The future of Duluth's AmeriCorps program is uncertain due to national legislation from a House of Representative’s bill passed on Feb. 26. This month-long battle has raised eyebrows, particularly in response to three lines cited within the H.R. bill.
Title VIII—Labor, Health, and Human Services, Education, and Related Agencies, Section 1835 states: “the level for ‘Corporation for National & Community Service, Operating Expenses’ shall be $0.” This means that the Corporation for National & Community Service will get no funding. H.R. 1 PC is now being discussed the Senate.
The True North AmeriCorps, located within the Duluth YMCA, works with tutoring and homework help, after school programs and mentoring youth. Their specific mission is “to enhance the future success of at-risk children by increasing the number of positive adults in their lives.”
Working within a youth-based program benefits not only the children in those programs, but also parents and Duluth as a whole. True North has about 88 members this year and CNCS reports that number has increased from 73 members in the 2009 Serve Minnesota Annual Report. True North serves not only Duluth, but a 10-county area in northeastern Minnesota, including St. Louis, Carlton and Pine counties.
The passing of H.R. 1 would cut True North’s AmeriCorps member funding. This would greatly reduce the number of students assisted.
The overall mission of AmeriCorps remains oriented around community and service. The AmeriCorps headquarters, states that "AmeriCorps members recruit, train and supervise community volunteers, tutor and mentor youth, build affordable housing, teach computer skills, clean parks and streams, run after-school programs, help communities respond to disasters and build the capacity of nonprofit groups to become self-sustaining, among many other activities." Habitat for Humanity, Boys and Girls Clubs and many others depend on AmeriCorps members to help coordinate volunteers and participate in community outreach.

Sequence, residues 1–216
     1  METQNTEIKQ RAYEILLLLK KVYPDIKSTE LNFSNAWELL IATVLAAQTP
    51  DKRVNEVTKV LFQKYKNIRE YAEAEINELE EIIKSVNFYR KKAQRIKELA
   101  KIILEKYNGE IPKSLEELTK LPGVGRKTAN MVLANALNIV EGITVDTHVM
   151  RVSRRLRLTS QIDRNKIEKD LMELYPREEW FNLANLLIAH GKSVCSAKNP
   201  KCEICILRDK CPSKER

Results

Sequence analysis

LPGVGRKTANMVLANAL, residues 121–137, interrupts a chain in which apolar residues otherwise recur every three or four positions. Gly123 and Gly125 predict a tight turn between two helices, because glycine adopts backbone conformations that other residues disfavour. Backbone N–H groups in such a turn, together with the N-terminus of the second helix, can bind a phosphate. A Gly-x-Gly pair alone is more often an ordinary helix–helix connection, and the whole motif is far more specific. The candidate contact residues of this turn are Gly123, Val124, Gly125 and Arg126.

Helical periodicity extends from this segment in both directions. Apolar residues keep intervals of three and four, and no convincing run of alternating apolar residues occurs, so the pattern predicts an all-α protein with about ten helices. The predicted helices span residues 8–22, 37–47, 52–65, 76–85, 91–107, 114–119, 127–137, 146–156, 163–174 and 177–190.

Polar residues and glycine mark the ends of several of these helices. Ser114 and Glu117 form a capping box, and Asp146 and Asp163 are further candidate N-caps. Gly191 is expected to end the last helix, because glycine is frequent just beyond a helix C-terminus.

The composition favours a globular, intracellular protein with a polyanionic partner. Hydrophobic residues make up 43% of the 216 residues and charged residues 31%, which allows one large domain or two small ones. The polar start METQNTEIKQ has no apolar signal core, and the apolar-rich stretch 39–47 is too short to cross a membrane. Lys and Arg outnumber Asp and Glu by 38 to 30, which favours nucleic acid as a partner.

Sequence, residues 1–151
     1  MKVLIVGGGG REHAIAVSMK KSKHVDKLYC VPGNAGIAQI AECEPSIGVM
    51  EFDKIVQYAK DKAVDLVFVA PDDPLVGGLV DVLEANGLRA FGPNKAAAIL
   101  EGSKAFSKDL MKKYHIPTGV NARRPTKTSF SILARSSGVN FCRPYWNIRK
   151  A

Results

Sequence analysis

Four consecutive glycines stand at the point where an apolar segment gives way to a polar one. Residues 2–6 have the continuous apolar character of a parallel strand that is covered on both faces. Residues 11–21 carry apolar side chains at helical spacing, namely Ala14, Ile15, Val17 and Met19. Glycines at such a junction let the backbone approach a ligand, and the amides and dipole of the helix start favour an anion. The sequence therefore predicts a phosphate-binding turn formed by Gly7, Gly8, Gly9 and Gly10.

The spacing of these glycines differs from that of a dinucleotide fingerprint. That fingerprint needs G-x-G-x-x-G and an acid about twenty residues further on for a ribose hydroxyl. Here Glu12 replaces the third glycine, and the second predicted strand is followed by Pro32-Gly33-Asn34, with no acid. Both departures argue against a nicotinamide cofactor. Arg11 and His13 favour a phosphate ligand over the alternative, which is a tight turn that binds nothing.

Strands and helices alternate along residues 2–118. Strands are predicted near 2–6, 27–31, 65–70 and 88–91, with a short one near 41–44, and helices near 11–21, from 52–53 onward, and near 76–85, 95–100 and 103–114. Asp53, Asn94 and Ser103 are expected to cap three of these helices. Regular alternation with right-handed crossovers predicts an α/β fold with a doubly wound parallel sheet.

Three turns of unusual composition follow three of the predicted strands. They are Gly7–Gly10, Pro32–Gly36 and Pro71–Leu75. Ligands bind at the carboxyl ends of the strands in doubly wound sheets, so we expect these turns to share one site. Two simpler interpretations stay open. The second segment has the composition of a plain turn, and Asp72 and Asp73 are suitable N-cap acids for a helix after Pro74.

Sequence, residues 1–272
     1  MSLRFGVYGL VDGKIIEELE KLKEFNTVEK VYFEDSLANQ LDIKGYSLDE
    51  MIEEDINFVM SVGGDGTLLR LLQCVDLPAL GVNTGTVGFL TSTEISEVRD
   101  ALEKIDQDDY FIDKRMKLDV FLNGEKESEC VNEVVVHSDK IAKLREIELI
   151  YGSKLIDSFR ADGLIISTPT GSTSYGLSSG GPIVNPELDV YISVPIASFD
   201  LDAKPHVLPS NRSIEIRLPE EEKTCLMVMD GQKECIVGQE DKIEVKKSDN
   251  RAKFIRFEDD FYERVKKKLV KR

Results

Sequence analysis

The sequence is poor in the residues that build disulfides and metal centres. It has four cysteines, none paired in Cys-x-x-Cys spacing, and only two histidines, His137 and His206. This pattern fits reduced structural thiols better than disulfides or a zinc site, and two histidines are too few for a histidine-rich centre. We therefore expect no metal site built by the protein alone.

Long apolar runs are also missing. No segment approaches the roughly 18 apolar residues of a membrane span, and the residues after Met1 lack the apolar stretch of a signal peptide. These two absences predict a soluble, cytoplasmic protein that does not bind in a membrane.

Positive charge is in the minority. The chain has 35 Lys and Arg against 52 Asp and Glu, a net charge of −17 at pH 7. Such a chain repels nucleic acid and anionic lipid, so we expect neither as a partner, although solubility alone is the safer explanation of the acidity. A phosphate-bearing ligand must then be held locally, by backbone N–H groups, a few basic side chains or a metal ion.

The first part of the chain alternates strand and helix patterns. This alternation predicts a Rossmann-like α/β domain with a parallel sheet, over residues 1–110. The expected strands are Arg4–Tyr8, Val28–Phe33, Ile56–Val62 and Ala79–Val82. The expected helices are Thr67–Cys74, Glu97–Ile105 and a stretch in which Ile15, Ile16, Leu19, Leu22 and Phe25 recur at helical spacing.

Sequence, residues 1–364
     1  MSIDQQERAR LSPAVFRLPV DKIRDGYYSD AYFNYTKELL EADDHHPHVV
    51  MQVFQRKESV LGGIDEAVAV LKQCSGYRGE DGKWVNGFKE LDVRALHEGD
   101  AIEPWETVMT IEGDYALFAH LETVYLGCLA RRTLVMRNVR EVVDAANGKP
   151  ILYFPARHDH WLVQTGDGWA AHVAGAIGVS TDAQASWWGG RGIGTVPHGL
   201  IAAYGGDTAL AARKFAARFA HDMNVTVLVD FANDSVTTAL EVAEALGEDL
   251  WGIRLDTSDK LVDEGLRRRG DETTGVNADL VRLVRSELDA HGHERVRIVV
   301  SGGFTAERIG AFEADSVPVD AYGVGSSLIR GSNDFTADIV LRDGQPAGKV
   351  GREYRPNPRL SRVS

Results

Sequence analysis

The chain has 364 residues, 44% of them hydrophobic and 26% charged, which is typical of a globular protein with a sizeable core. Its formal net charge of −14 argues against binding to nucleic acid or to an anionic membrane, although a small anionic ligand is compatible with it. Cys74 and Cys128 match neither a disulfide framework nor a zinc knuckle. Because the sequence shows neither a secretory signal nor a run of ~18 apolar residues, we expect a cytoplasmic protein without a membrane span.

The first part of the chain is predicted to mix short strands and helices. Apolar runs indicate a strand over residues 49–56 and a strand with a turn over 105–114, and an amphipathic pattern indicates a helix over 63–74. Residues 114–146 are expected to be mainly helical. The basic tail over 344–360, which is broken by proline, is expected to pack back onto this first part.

AmeriCorps’ terms of service are generally one year, but vary on the program itself. In addition to personal and professional growth, member benefits include an education award and sometimes a small living allowance and health care.
The concept of service has been welcomed by Democrat and Republican presidents. President Lyndon Johnson created AmeriCorps* VISTA in 1964 as a way to fight poverty. It was the National and Community Service Trust Act, signed by President Bill Clinton. In 1993, that brought both programs under the CNCS’s domain. President George W. Bush signed the Strengthen AmeriCorps Program Act on July 3, 2003, which effectively doubled the program. On April 21, 2009, President Barack Obama signed the Edward M. Kennedy Serve America Act of 2009, which amended and expanded the Strengthen AmeriCorps Program Act.
The concept of civic engagement is not new. AmeriCorps members clearly impact their communities, but with the passing of H.R. 1 in the House of Representatives, this service may disappear soon.
What are your stories? How have you been impacted by AmeriCorps? Are you an alum? What made your service special to you? Leave a comment and we might share your story in a follow-up article.